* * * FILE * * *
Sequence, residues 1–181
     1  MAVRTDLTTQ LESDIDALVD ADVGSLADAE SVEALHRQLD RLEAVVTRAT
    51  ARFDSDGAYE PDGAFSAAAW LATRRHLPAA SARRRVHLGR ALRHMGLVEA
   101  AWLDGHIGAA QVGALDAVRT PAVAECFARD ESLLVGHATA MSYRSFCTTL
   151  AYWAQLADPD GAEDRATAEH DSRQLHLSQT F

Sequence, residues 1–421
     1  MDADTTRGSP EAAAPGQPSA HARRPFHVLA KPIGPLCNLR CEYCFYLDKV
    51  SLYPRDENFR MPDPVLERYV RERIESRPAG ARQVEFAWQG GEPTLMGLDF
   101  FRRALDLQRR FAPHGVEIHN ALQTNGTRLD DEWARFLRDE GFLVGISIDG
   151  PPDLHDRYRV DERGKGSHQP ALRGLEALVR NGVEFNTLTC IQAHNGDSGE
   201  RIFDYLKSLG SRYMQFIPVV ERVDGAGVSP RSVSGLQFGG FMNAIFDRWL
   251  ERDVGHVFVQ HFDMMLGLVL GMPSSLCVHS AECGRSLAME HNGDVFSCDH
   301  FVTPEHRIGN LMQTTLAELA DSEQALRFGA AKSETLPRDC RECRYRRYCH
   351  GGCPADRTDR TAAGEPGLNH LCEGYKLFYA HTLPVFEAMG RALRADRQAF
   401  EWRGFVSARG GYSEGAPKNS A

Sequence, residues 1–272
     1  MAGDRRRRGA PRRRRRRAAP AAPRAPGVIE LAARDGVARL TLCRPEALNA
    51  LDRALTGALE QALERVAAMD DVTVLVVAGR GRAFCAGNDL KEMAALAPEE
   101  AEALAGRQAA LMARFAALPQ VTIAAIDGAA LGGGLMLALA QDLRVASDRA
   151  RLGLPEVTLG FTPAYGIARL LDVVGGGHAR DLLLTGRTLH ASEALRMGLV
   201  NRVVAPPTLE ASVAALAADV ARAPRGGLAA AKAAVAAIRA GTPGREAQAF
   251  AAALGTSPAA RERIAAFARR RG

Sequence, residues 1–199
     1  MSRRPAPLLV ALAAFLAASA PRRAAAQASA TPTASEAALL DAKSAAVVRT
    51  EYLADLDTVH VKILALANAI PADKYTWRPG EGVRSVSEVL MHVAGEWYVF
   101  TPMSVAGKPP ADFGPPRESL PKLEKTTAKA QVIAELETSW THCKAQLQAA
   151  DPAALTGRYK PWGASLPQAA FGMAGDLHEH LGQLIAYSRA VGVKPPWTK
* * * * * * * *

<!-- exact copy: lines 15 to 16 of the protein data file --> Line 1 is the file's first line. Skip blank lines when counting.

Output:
   401  EWRGFVSARG GYSEGAPKNS A

Sequence, residues 1–272